What is the one thing for your marriage or family that, if you were to accomplish this year, would change everything?
Maybe it’s a habit to break, a project to complete, a relationship to restore, a debt to pay off, a degree to complete, a skill to develop, a friendship to cultivate, a tradition to start, etc. You get the point.
Have you ever noticed the things we get distracted by are never as important as the things we get distracted from?
One of the things we enjoy about the community we live in is the endless walking paths. We love to take our little Shih Tzu named “Bougie” out for walks around our neighborhood. However, the biggest challenge in taking her out is how long it takes. She gets easily distracted. She will stop at anything and everything. If she sees other dogs, forget it! She’s got to bark and sniff at every dog that walks by or that she sees from a distance.
Many of us are like that. We get easily distracted from moving forward in the direction we want to go in life. We start every year with New Year’s resolutions. However, studies show that over 80% of New Year’s resolutions fail by the second week of February. Why? I have found that my failures of not doing well with resolutions were because I didn’t have a plan and didn’t have any accountability. You can probably relate.
To help you and your family stay focused this year on growing together in your marriage and familial relationships, let me encourage you to work through the following three questions I was recently challenged with by John C. Maxwell. He calls them the Three R’s of Decision Making. The questions below must be asked in this order:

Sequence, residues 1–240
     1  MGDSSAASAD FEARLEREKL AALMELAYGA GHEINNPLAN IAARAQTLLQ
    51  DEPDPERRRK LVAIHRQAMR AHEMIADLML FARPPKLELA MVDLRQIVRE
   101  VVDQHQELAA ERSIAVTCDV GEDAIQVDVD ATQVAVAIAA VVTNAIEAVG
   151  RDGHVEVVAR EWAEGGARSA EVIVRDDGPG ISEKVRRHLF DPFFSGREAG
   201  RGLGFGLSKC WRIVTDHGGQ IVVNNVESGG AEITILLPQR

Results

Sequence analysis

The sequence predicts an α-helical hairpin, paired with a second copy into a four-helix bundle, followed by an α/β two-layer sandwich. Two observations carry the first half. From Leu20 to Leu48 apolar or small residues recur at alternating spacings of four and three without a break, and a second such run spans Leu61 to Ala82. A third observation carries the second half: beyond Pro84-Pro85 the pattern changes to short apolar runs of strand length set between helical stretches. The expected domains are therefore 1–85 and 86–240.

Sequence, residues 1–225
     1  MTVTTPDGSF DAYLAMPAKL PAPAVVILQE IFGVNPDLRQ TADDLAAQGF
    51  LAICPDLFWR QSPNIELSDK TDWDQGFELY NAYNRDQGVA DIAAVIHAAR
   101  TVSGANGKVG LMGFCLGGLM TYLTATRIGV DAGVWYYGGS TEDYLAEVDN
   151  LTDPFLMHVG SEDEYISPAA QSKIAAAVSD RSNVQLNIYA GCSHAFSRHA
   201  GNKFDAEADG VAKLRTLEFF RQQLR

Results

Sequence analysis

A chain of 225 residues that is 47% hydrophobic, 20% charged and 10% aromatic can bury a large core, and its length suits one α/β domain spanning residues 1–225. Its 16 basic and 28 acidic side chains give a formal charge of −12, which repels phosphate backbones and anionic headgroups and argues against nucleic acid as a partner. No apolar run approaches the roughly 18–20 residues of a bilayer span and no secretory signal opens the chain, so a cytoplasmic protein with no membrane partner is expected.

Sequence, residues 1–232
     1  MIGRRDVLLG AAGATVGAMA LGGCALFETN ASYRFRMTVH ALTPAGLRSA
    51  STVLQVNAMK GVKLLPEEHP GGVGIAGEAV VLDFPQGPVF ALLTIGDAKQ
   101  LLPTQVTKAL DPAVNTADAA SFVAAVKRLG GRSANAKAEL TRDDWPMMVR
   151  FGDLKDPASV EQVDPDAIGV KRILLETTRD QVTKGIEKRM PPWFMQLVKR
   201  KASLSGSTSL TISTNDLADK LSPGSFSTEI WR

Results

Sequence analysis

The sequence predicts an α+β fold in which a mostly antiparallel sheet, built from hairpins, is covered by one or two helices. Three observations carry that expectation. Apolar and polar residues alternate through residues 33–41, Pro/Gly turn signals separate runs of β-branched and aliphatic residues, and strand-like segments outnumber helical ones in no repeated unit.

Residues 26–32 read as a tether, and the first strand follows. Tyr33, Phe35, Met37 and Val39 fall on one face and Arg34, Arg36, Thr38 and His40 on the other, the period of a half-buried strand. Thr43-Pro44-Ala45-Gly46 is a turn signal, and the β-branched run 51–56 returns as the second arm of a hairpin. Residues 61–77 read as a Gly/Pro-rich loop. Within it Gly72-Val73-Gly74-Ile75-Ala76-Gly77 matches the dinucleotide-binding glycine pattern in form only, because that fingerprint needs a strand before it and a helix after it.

- What is required of me? What is required of you as a husband, wife, mother, father, son, or daughter that only you can do or fulfill?
- What gives me the greatest return? Of all your commitments that require the most time, energy, and money, what gives you your greatest return of investment (ROI)? Out of those commitments, what is giving you the greatest payoff to help you become who you want to become and accomplish what you want to achieve as a couple and family in the long-term?
- What gives me the greatest reward? We can be excellent and effective at certain things – yet not feel completely fulfilled. What do you do that fills your emotional tank? What brings you the most joy and fulfillment? Life’s too short not to do what you love.
As a parent, you can word or phrase these questions in an age-appropriate manner to make them the most relevant to your child’s age and the activities they’re involved in. Encourage one another to write those things down or have one person record each member of the family’s responses.
Now, let me encourage you to take those questions a step further. Let’s say you had a list of 10 items that only you can do. Chances are, your top two things are where you’ll see the most significant results from your efforts. It’s called the Pareto Principle, which states that 20% of your activities generate 80% of your results. Another way to look at it is to embrace the idea that the less you do, the more effective you will be.
One of the reasons why so many marriages and families drift away from what could be and should be is because they have a hard time saying no to the good so they can say yes to the best. Remember, a good thing can become a bad thing if it keeps you from the best thing.
There are some “good things” you need to say no to as a couple or family, not forever but for now (in this season), so you can stay focused on becoming WHO you want to become and fulfill WHAT is most important to you in your marriage and family this year. Remember, every family ends up somewhere, but few families end up somewhere on purpose.